Effects of Exercise Training on Peak Oxygen Consumption According to Left Ventricular Ejection Fraction in Patients with Heart Failure with Preserved Ejection Fraction

Stephan Müller (München)1, M. Haykowsky (Edmonton)2, E. B. Winzer (Dresden)3, A. B. Gevaert (Edegem)4, U. Wisløff (Trondheim)5, V. Adams (Dresden)3, E. van Craenenbroeck (Edegem)4, R. Wachter (Leipzig)6, B. Pieske (Berlin)7, F. Edelmann (Berlin)8, M. Halle (München)1, I. Fegers-Wustrow (München)1

1Klinikum rechts der Isar der Technischen Universität München Präventive Sportmedizin und Sportkardiologie München, Deutschland; 2University of Alberta Research Chair in Aging and Quality of Life Edmonton, Kanada; 3Herzzentrum Dresden GmbH an der TU Dresden Klinik für Innere Medizin, Kardiologie und Intensivmedizin Dresden, Deutschland; 4Research Group Cardiovascular Diseases, GENCOR Department, University of Antwerp Edegem, Belgien; 5Norwegian University of Science and Technology (NTNU) Cardiac Exercise Research Group Trondheim, Deutschland; 6Universitätsklinikum Leipzig Klinik und Poliklinik für Kardiologie Leipzig, Deutschland; 7Charité – Universitätsmedizin Berlin Berlin, Deutschland; 8Charité - Universitätsmedizin Berlin Leiter des Clinical Study Center CVK Berlin, Deutschland


Background: In patients with heart failure with preserved ejection fraction (HFpEF), most pharmacological therapies (spironolactone, candesartan, sacubitril/valsartan) have only been shown to be effective in patients with left ventricular ejection fraction (LVEF) lower than approximately 55%. In contrast, pharmacological agents that primarily target peripheral limitations have also been shown to be effective among patients with higher LVEF (e.g., empagliflozin, dapagliflozin and semaglutide). One of the most effective treatments to target exercise intolerance, the cardinal symptom of HFpEF, is regular exercise training. However, it is not known whether exercise training benefits depend on baseline LVEF.

Purpose: To evaluate the effects of exercise training on peak oxygen consumption (V̇O2) according to resting baseline LVEF in patients with HFpEF.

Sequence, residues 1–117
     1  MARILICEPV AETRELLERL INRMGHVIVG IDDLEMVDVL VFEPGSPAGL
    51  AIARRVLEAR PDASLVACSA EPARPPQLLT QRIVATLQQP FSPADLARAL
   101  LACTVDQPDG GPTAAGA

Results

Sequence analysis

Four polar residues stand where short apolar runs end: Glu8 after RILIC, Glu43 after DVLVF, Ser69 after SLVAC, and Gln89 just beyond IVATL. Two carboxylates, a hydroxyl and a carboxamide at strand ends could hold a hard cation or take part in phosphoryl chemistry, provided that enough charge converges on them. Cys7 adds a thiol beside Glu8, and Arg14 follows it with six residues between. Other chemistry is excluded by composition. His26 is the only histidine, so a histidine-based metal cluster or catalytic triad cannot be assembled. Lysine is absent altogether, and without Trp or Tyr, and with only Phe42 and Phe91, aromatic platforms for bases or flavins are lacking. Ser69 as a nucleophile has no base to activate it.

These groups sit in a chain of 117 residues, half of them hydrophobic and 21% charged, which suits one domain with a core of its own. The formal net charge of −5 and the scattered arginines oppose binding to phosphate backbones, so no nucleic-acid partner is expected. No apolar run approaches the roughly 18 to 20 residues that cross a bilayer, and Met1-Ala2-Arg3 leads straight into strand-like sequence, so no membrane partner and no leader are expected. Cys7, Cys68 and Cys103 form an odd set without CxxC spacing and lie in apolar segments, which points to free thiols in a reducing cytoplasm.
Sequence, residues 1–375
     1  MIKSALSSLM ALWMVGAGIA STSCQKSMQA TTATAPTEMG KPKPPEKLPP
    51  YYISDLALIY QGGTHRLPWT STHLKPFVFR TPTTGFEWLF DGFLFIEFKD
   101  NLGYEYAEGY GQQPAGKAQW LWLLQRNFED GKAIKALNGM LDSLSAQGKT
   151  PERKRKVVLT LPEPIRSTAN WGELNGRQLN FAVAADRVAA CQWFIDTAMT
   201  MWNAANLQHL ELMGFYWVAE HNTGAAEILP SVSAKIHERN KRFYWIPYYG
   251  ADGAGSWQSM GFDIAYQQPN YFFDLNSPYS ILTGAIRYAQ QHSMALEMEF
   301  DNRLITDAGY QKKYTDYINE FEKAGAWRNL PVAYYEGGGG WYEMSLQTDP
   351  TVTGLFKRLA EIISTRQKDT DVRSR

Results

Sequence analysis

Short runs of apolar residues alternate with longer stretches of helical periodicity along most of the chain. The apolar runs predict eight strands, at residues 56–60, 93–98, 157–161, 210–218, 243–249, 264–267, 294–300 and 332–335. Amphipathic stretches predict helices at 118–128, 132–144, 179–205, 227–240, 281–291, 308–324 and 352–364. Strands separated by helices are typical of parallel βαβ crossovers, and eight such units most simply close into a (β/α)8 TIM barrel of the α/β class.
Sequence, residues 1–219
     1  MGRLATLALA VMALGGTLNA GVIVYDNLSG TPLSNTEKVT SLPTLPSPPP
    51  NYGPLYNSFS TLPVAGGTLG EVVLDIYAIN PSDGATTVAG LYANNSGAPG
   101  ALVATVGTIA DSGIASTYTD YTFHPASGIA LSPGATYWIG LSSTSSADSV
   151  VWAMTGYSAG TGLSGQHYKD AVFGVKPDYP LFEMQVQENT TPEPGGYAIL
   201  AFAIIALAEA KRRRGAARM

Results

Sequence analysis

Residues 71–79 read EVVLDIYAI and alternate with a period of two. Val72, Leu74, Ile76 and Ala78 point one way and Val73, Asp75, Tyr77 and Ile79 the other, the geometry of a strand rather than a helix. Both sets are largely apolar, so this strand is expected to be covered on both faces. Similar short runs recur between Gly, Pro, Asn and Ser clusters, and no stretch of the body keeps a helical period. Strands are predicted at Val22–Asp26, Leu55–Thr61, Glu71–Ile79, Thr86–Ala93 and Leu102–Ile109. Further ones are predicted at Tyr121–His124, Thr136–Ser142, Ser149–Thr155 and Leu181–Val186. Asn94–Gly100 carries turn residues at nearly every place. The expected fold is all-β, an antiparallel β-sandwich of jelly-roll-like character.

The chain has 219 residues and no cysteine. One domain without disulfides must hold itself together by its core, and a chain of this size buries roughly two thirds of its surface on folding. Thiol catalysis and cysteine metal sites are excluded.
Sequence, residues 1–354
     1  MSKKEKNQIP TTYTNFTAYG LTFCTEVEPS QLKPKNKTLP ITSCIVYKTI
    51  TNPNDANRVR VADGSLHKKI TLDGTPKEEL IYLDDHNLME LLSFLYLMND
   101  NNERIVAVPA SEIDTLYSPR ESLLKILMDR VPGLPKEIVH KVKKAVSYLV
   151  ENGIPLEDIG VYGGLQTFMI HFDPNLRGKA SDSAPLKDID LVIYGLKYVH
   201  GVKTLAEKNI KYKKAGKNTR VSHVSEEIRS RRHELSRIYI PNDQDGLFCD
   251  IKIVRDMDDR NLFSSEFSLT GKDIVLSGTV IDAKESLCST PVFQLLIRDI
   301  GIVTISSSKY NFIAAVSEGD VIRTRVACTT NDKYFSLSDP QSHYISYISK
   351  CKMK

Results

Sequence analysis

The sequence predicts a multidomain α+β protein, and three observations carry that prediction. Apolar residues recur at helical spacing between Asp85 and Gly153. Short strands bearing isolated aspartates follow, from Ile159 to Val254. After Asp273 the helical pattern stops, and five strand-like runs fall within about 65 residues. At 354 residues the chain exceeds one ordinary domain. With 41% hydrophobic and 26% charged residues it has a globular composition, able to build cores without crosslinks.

Methods: For this analysis, combined data sets from two of the largest exercise training trials performed in HFpEF to date. In the OptimEx-Clin trial, 180 patients were randomized (1:1:1) to 12 months of high-intensity interval training (3× per week for 38 min), moderate continuous training (5× per week for 40 min) or usual care. In the Ex-DHF trial, 322 patients were randomized (1:1) to 12 months of endurance training (3× per week with increasing session duration from 30-60 min) and resistance training (2× per week, starting at week 5) versus usual care. For the present analysis, all exercise training groups and both control groups were combined into one exercise and one control group. Peak V̇O2 was defined as the highest 10-second average during symptom-limited incremental cardiopulmonary exercise testing. The association between change in peak V̇O2 after 12 months and baseline resting LVEF was analyzed using linear regression analysis with main effects of baseline LVEF and group as well as their interaction term. Moreover, patients were grouped into LVEF categories (50-54%, 55-59%, 60-64% and ≥65%) and compared using independent t-tests. All analyses were performed using R Statistical Software with significance levels of α = 0.05.

Results: Among 502 randomized patients, 397 had paired peak V̇O2 measurements both at baseline and at 12-month follow-up (60.5% women; mean age, 70 years; mean LVEF, 60%) and were included in this secondary analysis. At 12 months, the change in peak V̇O2 was significantly different between exercise training and usual care [mean difference, 1.2 mL/kg/min (95% CI, 0.5 to 1.9), P=0.001], with no significant main effect for LVEF (P=0.58). The change in peak V̇O2 was similar across the LVEF.F continuum (interaction P=0.72) with significant improvements with exercise training for all LVEF categories (Fig. 1).

Conclusion: In patients with HFpEF, 12 months of exercise training significantly improved peak V̇O2 compared with usual care to a similar extent across the LVEF continuum (50-80%). These data support the application of exercise training in patients with HFpEF regardless of LVEF.

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